Religious Pilgrim


Tha man on the left at this hotel desk in Jeddah is a religious pilgrim. All Muslims are required to make a religious pilgrimmage called Hajj during a specific time of the year to Makkah at least once in their lifetime, if they are able to. There are many ritualistic tasks that the pilgrims must perform, such as circling the Kaaba stone and symbolically stoning the devil. Many Muslims also travel to the holy city of Makkah at other times of the year as well and perform the same tasks. This pilgrimmage is called Omra. When men travel to Makkah for the pilgrimmage, they wear two large pieces of seamless white cloth wrapped around their bodies. Women are only required to dress modestly. On most flights into Jeddah, it is not uncommon to see many men pilgrims wearing the white cloths during the flight.

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About SusieOfArabia

American woman now living in hubby's homeland of Saudi Arabia
This entry was posted in Clothing, Life, Photo, Religion, Saudi Arabia and tagged , , , , , , , , . Bookmark the permalink.

8 Responses to Religious Pilgrim

  1. Adira says:

    Thanks for the picture and information.

    I was aware of the clothing men were required to wear while on a pilgrimage in Makkah. However, I always thought it was something they changed into once they got there, before taking part in any of the rituals.

    Didn’t know some male pilgrims wear the white garments even on the plane coming over, or in any city in Saudi Arabia except for Makkah or Medina.

    The symbolism, of everyone being the same before God, is an excellent one.

    As far as the women are concerned, I’ve read they are not to be veiled while performing the rituals in Makkah. Is this true?

    Also, are the women required to wear all white as well?

    • Muslim men wear simple white garments with no adornment at all during Hajj and Omra, making all men equal with no indication of their wealth or status. Nothing is to be worn on a man’s head either. Some women also choose to wear white, but they are allowed to wear any color they want. Their hair must be covered and whatever the woman wears, it must be simple, loose fitting, not showing her limbs, and not attract attention. From what I’ve read, women are not to veil or wear gloves while performing the pilgrimage, however if she wants to hide herself from the gaze of an unrelated male, she can temporarily cover her face. Another interesting thing that I read is that women are allowed to wear jewelry but men are not.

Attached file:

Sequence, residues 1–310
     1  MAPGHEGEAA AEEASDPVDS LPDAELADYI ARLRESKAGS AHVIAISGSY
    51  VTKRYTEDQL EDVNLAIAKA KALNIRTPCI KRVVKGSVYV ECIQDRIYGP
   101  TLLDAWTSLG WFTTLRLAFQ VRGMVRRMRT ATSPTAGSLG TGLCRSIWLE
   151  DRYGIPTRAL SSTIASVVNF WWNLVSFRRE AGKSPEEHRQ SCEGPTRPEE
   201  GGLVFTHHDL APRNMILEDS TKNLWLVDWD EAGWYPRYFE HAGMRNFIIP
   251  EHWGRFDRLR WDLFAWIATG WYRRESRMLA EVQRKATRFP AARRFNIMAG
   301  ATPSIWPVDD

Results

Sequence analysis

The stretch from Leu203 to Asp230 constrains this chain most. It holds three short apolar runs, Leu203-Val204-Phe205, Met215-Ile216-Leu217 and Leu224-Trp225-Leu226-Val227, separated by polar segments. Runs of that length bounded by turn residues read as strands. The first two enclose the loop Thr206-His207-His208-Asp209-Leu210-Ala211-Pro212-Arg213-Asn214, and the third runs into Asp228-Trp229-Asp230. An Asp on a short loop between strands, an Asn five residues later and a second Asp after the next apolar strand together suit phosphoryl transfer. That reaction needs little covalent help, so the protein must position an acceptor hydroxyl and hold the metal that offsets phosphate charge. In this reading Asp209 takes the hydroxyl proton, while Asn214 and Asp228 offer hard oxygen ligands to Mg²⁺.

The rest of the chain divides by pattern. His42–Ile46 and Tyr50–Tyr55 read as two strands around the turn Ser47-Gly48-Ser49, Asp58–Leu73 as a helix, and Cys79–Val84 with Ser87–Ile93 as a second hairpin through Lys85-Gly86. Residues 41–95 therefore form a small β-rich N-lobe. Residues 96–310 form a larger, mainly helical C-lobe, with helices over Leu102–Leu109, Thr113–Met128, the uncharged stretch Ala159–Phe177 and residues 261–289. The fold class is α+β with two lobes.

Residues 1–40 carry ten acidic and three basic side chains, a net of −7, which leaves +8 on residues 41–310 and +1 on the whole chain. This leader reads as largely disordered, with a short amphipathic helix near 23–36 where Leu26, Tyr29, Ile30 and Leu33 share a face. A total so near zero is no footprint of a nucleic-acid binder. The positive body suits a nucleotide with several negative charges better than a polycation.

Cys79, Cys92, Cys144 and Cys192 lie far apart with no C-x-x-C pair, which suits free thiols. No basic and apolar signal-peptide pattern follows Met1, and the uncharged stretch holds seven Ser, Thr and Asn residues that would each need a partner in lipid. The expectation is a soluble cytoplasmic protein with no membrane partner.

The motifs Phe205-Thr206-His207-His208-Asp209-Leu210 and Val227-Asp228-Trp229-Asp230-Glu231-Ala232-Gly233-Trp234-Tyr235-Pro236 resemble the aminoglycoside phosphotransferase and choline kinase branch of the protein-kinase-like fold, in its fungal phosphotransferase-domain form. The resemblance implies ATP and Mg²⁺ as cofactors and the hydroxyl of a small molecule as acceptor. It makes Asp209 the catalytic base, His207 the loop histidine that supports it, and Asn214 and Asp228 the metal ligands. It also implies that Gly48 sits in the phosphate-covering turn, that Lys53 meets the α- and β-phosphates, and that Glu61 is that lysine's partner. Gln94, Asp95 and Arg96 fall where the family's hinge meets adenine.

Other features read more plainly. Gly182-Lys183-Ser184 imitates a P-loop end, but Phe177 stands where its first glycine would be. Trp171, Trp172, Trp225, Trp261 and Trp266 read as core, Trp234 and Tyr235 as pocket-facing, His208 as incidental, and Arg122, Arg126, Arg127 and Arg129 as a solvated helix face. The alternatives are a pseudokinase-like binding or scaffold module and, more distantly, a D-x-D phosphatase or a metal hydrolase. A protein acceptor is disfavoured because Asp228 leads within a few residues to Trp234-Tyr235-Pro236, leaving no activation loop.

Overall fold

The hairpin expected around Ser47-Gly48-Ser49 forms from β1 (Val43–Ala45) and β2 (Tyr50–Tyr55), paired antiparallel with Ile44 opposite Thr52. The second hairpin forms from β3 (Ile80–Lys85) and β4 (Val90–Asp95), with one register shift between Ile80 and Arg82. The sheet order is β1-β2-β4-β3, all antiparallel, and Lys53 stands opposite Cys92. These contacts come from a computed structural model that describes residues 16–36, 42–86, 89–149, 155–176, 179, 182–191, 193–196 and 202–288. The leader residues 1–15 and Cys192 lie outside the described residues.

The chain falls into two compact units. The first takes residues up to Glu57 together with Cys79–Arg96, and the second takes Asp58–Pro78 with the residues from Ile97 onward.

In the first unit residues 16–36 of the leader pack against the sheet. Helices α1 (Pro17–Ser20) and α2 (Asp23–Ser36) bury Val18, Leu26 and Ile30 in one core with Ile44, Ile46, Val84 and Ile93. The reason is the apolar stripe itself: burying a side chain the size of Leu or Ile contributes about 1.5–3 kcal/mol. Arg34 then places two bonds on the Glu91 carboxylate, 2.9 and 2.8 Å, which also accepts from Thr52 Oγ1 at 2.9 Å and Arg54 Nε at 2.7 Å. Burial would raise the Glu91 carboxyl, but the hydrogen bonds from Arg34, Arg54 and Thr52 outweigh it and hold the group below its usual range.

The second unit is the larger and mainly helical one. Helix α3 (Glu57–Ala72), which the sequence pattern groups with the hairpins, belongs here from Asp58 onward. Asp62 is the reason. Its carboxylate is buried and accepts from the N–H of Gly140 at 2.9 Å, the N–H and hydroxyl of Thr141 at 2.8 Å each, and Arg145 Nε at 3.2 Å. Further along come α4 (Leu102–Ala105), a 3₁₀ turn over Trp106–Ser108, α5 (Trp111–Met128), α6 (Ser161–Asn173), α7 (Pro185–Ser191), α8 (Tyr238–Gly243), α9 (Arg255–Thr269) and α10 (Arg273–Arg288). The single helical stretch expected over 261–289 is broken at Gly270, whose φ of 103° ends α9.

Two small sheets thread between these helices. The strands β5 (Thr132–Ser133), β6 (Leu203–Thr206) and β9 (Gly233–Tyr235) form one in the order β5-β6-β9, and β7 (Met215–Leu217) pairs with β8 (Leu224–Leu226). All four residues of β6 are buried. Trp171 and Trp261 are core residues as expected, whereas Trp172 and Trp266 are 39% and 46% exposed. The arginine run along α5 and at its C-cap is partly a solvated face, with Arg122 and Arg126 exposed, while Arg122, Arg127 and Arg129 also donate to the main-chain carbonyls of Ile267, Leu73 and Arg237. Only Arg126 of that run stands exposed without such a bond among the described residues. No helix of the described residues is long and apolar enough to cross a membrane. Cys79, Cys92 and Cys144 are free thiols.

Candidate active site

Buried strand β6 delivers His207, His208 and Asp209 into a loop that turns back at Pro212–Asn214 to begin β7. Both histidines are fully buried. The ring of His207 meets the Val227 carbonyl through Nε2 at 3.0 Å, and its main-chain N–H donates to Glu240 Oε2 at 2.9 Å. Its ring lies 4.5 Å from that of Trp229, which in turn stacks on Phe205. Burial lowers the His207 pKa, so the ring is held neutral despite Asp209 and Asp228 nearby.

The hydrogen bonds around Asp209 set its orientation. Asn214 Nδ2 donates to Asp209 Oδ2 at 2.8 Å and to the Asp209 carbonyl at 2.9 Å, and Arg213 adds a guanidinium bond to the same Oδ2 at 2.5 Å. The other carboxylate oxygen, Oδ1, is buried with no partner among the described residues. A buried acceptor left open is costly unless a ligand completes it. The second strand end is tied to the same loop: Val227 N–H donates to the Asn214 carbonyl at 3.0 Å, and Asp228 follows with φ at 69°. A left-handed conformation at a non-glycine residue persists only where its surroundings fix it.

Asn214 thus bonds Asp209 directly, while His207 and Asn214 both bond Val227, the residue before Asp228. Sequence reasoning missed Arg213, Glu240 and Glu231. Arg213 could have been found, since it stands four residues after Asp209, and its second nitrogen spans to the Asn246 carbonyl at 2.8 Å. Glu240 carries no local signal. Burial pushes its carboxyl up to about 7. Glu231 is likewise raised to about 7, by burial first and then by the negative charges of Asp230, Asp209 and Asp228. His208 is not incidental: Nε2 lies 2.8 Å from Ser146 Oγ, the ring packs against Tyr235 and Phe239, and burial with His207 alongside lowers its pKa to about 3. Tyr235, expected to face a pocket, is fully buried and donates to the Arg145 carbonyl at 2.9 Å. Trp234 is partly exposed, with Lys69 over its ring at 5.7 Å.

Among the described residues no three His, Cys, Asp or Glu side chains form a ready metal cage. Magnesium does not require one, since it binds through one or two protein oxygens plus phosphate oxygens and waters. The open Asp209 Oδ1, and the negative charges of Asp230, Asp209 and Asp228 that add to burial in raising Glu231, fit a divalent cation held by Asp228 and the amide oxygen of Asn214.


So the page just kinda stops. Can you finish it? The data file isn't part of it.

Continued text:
2. Dina says:

    Even on the plane?!
    I’m glad you got this picture. It is very special.

    • Thanks, Dina – I see the pilgrims all the time walking along the streets here, but it’s always been so difficult for me to get a good photo. We were eating breakfast at this particular hotel when across the lobby I spotted this guy and whipped out my camera. I’m very happy with it.

  3. Chiara says:

    I find this photo esthetically pleasing but the subject somehow offensive. It makes it look as if this religious covering is a beach cover and the man wearing it stopping at the hotel desk on his way between room and pool. Disconcerting! LOL 🙂

    • I think that it’s all considered part of their pilgrimmage – they don’t stop to change once they get there. Whenever my husband goes, he always leaves the house wearing the white sheets. I have also seen some men boarding the airplane in the states wearing it. They don’t do it for show or anything like that – it’s all part of the whole pilgrimmage.

      • Chiara says:

        Thanks for the explanation Susie. I wasn’t meaning to criticize your photo, but I was surprised by the phenomenon. I know that at the start of the hajj once in Mecca this is required but didn’t realize that hajji’s wear the same outside of the actual rituals. Thanks again!

      • Dina says:

        I think such devotion could be called “Walking the talk.”

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